Building Bridges as the Eurozone Buckles
Three years ago, graphic designer Robin Stam was at his favorite pizzeria in Rotterdam, waiting to pay after finishing his meal. Fingering the euro bank notes in his wallet, Stam focused on the depictions of bridges on the reverse side of the money.
Each euro note, introduced across 12 European countries on January 1 2002, has a purposely inoffensive aesthetic. Panoramas, designed to be simultaneously anywhere but nowhere in particular, are foregrounded by a fictitious bridge rendered in different styles, depending on the denomination of the cash. This gave Stam an idea. “The bridges were noted for being fictional — that was the whole point. I thought it was a funny idea to build the bridges as a tourist attraction.” A decade of careful preparation to make bank notes which didn’t remind people of anywhere was about to be undone by a guy paying for pizza.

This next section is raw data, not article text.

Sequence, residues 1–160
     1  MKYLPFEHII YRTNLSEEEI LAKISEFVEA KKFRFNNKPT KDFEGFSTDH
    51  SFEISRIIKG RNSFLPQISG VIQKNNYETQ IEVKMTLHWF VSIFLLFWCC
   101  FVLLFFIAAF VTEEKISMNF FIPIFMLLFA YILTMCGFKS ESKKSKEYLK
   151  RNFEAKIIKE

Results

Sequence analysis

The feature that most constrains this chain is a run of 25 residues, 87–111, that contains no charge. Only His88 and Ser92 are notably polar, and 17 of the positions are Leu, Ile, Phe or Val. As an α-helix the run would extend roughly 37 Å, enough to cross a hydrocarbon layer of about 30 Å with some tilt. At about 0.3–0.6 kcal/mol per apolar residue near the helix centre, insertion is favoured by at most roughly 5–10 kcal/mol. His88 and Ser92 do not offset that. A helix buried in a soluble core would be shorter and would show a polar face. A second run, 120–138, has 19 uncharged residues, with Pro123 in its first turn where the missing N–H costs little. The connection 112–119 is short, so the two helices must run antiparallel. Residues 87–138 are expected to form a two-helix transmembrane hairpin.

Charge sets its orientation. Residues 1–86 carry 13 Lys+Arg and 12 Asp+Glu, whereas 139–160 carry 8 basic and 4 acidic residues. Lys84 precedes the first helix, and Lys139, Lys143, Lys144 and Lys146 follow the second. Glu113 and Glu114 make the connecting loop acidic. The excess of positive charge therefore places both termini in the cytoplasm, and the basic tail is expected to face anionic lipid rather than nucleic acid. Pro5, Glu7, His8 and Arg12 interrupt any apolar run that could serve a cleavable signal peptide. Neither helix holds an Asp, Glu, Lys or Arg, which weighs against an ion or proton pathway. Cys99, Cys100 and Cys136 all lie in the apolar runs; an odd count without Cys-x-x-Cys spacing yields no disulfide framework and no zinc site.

Some interesting socio-economic commentary here. Also, art!